A strategy that is often invoked as an attempt to identify the end point of a hospitalization for heart failure is the targeting of a fixed amount of fluid loss to get to a known "dry weight" (i.e. The patient's dry weight is 200 lbs, so once they reach 200 lbs we will discharge) [10]. This strategy seems reasonable but its success is predicated on two fundamentals: a) a known, accurate dry weight and b) the ability to obtain reliable daily weights while hospitalized. Unfortunately, in some settings it is quite difficult to obtain both pieces of information in consistent fashion. Serial assessment of weight is a Class I recommendation in the 2013 ACC/AHA Guideline for the Management of Heart Failure and is a Joint Commission standard; yet despite this, many centers struggle with capturing and consistently documenting this information. Staffing challenges (e.g. inadequate training, frequent turnover) and lack of a standardized process for daily weight measurement can both contribute to the lack of reliable and consistent patient weights on inpatient wards.

Due to the aforementioned challenges in assessing congestion in the real-world setting, coupled with the ubiquitous focus on quality of care in the heart failure population, providers should feel empowered to utilize novel diagnostic approaches with the hope of improving the accuracy and efficiency of clinical care. It is my belief that in the hands of an experienced user, the assessment of the inferior vena cava (IVC) using the handheld ultrasound provides a non-invasive, reliable, and reproducible estimate of right atrial pressure as a proxy for residual congestion, and should be routinely used when assessing heart failure patients. According to the 2015 American Society of Echocardiography guideline document for chamber quantification, an IVC diameter of <2.1 cm that collapses >50% with forced inspiration (i.e. sniff) suggests normal RA pressure of 3 mmHg (range, 0 to 5 mmHg), whereas IVC diameter >2.1 cm that collapses <50% with a sniff suggests high RA pressure of 15 mmHg (range, 10 to 20 mmHg). In scenarios in which IVC diameter and collapse do not fit this paradigm, an intermediate value of 8 mmHg (range, 5 to 10 mmHg) may be used [11].

I describe 3 real-world examples where the handheld ultrasound proved clinically valuable in assessing volume status in the heart failure population.

Case 1

Patient 1 is a 77 year-old male with a non-ischemic cardiomyopathy and a history of systolic heart failure (LVEF 35 to 40%), diabetes mellitus, obstructive sleep apnea, paroxysmal atrial fibrillation and morbid obesity. He had been accumulating volume as an outpatient for several months, and at the time of his admission for typical heart failure symptoms, he was approximately 350 lbs (height of 69 inches, BMI 51.7). His “dry weight” was unknown. He was started on a continuous infusion of furosemide at the time of admission. I met the patient on hospital day two and I was unable to see his jugular venous pulsation despite concerted effort; all other aspects of his exam were equivocal. Neither fluid intake/output nor a daily weight had been documented on the morning of our first encounter. Utilizing the handheld ultrasound (General Electric Vscan device) I was able to visualize his IVC, which measured 3.0 cm in diameter, with reduced collapse (<50%). It is worth highlighting that despite the morbid obesity, the IVC was readily accessible using handheld ultrasound. Since the traditional clinical exam was essentially useless in assessing intravascular volume status, I utilized the handheld ultrasound each day, to track progress. On hospital day 6 his IVC was 2.1 cm with normal collapse (Figure 1). At this time we made the transition to PO diuretics. The patient and family were quite pleased with the thorough nature of our care, and at the time of this writing, he has not been rehospitalized.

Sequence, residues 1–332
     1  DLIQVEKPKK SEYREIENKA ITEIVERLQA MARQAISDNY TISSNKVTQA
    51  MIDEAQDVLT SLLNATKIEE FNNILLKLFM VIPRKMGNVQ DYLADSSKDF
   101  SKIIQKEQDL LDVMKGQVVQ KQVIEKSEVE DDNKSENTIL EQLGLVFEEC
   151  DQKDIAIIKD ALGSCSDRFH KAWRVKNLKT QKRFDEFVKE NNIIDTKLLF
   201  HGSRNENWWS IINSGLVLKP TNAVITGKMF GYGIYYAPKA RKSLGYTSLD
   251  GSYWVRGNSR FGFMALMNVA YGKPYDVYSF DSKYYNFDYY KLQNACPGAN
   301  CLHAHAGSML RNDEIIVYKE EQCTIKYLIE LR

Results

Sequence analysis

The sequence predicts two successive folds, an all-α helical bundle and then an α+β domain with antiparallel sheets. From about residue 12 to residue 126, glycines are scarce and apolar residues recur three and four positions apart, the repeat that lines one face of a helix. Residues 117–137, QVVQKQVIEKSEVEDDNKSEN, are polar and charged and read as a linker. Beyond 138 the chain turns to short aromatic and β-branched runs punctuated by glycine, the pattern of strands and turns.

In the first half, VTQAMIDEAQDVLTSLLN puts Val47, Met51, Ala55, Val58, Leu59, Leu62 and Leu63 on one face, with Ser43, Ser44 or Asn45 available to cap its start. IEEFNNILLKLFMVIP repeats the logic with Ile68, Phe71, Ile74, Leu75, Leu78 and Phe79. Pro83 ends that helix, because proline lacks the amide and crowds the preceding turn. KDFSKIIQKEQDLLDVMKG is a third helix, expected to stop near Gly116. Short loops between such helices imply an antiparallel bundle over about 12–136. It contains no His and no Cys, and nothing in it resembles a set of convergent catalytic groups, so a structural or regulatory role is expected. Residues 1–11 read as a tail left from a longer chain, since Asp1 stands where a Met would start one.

Figure 1: IVC assessment for Case 1.

Case 2

Patient 2 is a 36 year-old obese male (BMI 42) with a Stage D non-ischemic cardiomyopathy, being evaluated for an LVAD; he was seen in clinic 4 days after being discharged home on milrinone at 0.375 mcg/kg/min, after failing a trial of weaning. He arrived to clinic feeling progressively lethargic and fatigued, and his creatinine had increased from 1.4 mg/dL at discharge to 1.8 mg/dL on the day of follow up. His blood pressure was 110/70, with a heart rate of 110 bpm (HR 90s during hospitalization). His JVP was difficult to interpret, but thought to be visible at 6 to 7 cm of H2O, his lungs were clear, he had no hepatojugular reflux, and he had no edema. A similar exam was documented on day of hospital discharge. The leading suspicion as to the cause of his worsening symptoms, tachycardia, and acute kidney injury was overdiuresis, but the possibility of progressive low output heart failure due to inadequate milrinone support was also entertained. In addition, his weights had actually trended up since discharge, which confounded the picture. In order to secure the diagnosis, we utilized the handheld ultrasound. The IVC was barely visible. It was measured at 1.2 cm but this is likely an overestimate (Figure 2), and it collapsed to completely flat with quiet breathing. In Stage D patients, the cost of making an erroneous clinical conclusion can be quite high; these ultrasound findings made us more comfortable with the decision to administer crystalloid in clinic and reduce his diuretic regiment. We deferred an increase in his inotropic support and ultimately deferred emergent rehospitalization. He was seen in clinic 4 days later feeling well, with a down trend in both creatinine and heart rate to baseline. He is now status post Heartmate 3 LVAD implantation.